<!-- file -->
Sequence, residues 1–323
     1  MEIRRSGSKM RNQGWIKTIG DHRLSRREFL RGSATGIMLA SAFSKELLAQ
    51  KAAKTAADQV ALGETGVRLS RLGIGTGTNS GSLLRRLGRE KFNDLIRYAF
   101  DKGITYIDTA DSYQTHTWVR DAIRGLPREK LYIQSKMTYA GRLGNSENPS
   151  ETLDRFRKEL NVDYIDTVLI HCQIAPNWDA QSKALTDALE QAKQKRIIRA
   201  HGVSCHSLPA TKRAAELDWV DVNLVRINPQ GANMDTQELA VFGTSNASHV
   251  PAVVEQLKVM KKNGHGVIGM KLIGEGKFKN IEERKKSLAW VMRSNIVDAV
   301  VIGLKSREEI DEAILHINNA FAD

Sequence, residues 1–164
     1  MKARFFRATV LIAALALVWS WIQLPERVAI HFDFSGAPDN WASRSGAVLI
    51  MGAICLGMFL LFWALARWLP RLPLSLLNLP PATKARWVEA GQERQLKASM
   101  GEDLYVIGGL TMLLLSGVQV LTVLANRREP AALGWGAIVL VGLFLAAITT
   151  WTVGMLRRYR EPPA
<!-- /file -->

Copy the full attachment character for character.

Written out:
Sequence, residues 1–323
     1  MEIRRSGSKM RNQGWIKTIG DHRLSRREFL RGSATGIMLA SAFSKELLAQ
    51  KAAKTAADQV ALGETGVRLS RLGIGTGTNS GSLLRRLGRE KFNDLIRYAF
   101  DKGITYIDTA DSYQTHTWVR DAIRGLPREK LYIQSKMTYA GRLGNSENPS
   151  ETLDRFRKEL NVDYIDTVLI HCQIAPNWDA QSKALTDALE QAKQKRIIRA
   201  HGVSCHSLPA TKRAAELDWV DVNLVRINPQ GANMDTQELA VFGTSNASHV
   251  PAVVEQLKVM KKNGHGVIGM KLIGEGKFKN IEERKKSLAW VMRSNIVDAV
   301  VIGLKSREEI DEAILHINNA FAD

Sequence, residues 1–164
     1  MKARFFRATV LIAALALVWS WIQLPERVAI HFDFSGAPDN WASRSGAVLI
    51  MGAICLGMFL LFWALARWLP RLPLSLLNLP PATKARWVEA GQERQLKASM
   101  GEDLYVIGGL TMLLLSGVQV LTVLANRREP AALGWGAIVL VGLFLAAITT
   151  WTVGMLRRYR EPPA